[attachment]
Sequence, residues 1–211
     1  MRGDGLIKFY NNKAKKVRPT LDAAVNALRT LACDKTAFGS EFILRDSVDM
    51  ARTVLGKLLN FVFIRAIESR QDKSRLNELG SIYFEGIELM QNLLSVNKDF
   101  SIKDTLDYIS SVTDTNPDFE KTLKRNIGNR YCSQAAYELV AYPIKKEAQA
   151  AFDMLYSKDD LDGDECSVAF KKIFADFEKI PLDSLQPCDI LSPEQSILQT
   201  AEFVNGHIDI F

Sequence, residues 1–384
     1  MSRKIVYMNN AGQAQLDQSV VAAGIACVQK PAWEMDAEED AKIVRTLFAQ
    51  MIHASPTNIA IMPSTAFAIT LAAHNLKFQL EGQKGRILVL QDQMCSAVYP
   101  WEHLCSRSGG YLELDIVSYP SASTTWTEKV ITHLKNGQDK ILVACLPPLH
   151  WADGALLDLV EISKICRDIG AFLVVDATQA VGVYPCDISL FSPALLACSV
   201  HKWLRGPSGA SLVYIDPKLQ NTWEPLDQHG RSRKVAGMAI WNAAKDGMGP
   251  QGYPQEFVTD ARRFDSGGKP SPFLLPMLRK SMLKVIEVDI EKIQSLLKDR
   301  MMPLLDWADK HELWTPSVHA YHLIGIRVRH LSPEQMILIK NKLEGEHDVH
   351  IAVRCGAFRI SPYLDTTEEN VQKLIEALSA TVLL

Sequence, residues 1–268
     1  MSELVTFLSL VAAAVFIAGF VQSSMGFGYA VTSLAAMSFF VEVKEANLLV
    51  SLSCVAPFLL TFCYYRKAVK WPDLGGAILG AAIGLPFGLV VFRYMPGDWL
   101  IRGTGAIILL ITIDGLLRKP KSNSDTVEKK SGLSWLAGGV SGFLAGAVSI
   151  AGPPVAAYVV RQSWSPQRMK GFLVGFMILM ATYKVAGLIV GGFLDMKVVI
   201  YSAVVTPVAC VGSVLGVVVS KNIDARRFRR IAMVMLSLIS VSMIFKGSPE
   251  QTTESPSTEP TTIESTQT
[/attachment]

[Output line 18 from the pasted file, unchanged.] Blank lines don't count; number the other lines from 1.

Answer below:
    51  SLSCVAPFLL TFCYYRKAVK WPDLGGAILG AAIGLPFGLV VFRYMPGDWL